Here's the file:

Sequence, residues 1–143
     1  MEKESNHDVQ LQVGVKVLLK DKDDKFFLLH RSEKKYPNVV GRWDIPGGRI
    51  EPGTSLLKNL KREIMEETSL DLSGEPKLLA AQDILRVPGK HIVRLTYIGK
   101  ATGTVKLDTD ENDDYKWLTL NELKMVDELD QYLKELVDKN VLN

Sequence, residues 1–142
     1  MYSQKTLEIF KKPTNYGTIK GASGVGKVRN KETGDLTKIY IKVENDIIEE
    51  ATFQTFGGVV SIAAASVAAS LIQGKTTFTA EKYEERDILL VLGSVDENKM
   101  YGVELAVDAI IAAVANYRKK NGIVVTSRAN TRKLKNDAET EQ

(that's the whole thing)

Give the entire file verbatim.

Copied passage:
Sequence, residues 1–143
     1  MEKESNHDVQ LQVGVKVLLK DKDDKFFLLH RSEKKYPNVV GRWDIPGGRI
    51  EPGTSLLKNL KREIMEETSL DLSGEPKLLA AQDILRVPGK HIVRLTYIGK
   101  ATGTVKLDTD ENDDYKWLTL NELKMVDELD QYLKELVDKN VLN

Sequence, residues 1–142
     1  MYSQKTLEIF KKPTNYGTIK GASGVGKVRN KETGDLTKIY IKVENDIIEE
    51  ATFQTFGGVV SIAAASVAAS LIQGKTTFTA EKYEERDILL VLGSVDENKM
   101  YGVELAVDAI IAAVANYRKK NGIVVTSRAN TRKLKNDAET EQ